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R. Klein, EA
R. Klein, EA, Accountant
Category: Financial Software
Satisfied Customers: 3375
Experience:  A member of the Intuit Ask a Tax Expert team and 10 years as QuickBooks Certified Pro Advisor.
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My M2 account was (83,264) in 2011 and in 2012 I had a profit

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My M2 account was (83,264) in 2011 and in 2012 I had a profit of $44,328. I took a distribution in Dec 2012 of $15,710. When I calculatemy M2 account I get a note that says my distribution is limited to 0 and it does not show on my M2. What do I need to do?

R. Klein, EA :

Hello. I will do my best to help you understand and resolve your question. If you do not understand my advice or need clarification, PLEASE ask a follow question or request additional assistance before providing a rating. Your positive ratings are important to me as the answer is important to you.

R. Klein, EA :

I am assuming you are talking about an S-Corporation.

R. Klein, EA :

In 2011, it sounds like your accumulated losses was over $80K greater than your basis you put in.

R. Klein, EA :

An S-Corporation can only make tax-free distributions when the basis is above zero, As of 2011, your tax return would indicate your losses exceeded your money you invested into the company.

R. Klein, EA :

In 2012, although you had a profit, your basis was still running below zero. A loss of $84K increased by $44K profits would make your account rise to minus $40K. You then distributed $15K, which brings your basis to minus $59K or so.

R. Klein, EA :

Losses in excess of basis cannot be deducted as a loss on your tax return (2011 and earlier). The 2012 profit becomes one to reduce the losses and increase your basis inside the company.

R. Klein, EA :

Because you had insufficient basis, the distributions are actually considered taxable income, in the form of long term capital gain, since you did not pay it out as wages or bonus.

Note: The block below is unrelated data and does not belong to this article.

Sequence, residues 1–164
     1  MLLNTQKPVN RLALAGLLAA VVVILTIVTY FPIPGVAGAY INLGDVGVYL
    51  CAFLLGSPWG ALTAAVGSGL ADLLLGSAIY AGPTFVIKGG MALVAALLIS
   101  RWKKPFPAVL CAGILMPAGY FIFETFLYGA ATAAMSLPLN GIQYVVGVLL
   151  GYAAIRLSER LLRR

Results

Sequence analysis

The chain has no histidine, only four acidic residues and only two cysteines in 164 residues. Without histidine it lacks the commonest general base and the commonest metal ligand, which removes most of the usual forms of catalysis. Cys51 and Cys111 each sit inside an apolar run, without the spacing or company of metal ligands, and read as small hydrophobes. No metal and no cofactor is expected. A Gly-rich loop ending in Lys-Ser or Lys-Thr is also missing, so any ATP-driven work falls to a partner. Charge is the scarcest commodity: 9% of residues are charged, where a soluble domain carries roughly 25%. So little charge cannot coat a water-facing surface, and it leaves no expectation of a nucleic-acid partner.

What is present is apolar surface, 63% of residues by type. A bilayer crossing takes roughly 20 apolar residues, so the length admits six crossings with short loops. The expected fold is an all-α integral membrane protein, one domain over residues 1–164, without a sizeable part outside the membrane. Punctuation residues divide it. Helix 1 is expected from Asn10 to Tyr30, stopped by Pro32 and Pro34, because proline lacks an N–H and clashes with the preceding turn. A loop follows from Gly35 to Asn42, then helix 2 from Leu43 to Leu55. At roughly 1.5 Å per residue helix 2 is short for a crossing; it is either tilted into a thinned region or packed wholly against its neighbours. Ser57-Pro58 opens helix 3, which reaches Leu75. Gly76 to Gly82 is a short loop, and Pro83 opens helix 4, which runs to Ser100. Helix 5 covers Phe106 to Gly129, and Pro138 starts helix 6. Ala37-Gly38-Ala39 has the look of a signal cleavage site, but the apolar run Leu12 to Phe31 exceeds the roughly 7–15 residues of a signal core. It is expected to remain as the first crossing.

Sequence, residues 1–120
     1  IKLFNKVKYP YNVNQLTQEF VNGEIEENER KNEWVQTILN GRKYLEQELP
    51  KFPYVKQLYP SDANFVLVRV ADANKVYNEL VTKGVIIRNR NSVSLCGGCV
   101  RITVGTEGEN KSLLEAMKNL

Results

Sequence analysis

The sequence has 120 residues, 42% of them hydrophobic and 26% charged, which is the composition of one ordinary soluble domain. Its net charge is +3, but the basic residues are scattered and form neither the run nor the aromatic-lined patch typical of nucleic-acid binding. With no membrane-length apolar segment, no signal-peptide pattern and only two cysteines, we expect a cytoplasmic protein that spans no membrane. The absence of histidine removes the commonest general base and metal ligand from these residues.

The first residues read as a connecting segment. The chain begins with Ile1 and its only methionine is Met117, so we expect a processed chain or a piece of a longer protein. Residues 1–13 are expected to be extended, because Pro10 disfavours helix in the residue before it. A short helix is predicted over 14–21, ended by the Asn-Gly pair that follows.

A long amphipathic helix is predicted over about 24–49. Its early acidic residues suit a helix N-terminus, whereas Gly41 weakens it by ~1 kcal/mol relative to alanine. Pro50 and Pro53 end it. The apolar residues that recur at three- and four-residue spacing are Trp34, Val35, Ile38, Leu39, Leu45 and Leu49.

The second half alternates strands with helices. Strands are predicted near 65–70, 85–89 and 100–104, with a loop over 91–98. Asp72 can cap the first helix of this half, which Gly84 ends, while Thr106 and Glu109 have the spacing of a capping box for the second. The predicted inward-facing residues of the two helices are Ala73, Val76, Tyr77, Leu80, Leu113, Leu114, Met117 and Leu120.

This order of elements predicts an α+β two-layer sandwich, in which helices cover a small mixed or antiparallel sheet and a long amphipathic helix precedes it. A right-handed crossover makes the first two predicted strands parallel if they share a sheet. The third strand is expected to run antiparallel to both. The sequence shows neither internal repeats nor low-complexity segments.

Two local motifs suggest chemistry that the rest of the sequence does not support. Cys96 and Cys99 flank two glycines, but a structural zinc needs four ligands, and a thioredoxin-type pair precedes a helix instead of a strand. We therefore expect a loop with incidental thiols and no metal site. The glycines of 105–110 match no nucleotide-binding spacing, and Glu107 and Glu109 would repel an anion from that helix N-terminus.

R. Klein, EA :

Have you paid yourself a reasonable wage in 2011 or 2012? An S-Corp owner active in the business is generally expected to take a wage. Obviously this is impossible if you are losing money and have no cash, but otherwise, the IRS does expect a wage to be paid. What this means is that the IRS can arbitrarily decide that the distribution was. in fact, wages, rather than a distribution, and therby make the tax much higher and make you liable for self employment tax.

R. Klein, EA :

So, depending on your situation, you may decide to reclassify the distribution as wages or a bonus (treated like a wage). If there is an arguable case for a capital gain type distribution, then so be it, but in any case, it is likely not a tax-free distribution.

Customer:

I did receive reasonable compensation for working in the business. So how would I qualify the distribution as a capital gain?

R. Klein, EA :

Keep it as a distribution on the corporate return, but on your personal return, it is a gain on Schedule D.

Customer:

Sounds good. I have never done this so I know I am asking questions that may be redundant. Sorry!!!

Customer:

If I do this would how do I list it on my schedule D as a description and what would I list as the acquisition date? I figure I would put the sale date as the date I took the distribution.

R. Klein, EA :

It would appear on Form 8949 and then flow to Sch D.

R. Klein, EA :

THe purchase date is the date of your original investment, with a cost of Zero, and a selling date of the date of distribution with a price of whatever was distributed.

R. Klein, EA :

www.irs.gov/Businesses/Small-Business-&-Self-Employed/S-Corporation=Stock-and-Debt-Basis

R. Klein, EA :

If this information has been helpful, please provide a positive rating to close out the question. If you need additional help, feel free to ask a follow up before rating the answer!

Customer:

Ok I can see where you get that. So would I just list on the description on the 8949 as taxable distribution from Sub S Corp?? Or is there a standard description that I would use?

R. Klein, EA :

just list "Company Name" as the item. Nothing special

Customer:

OK Great!

Customer:

Thanks you very much

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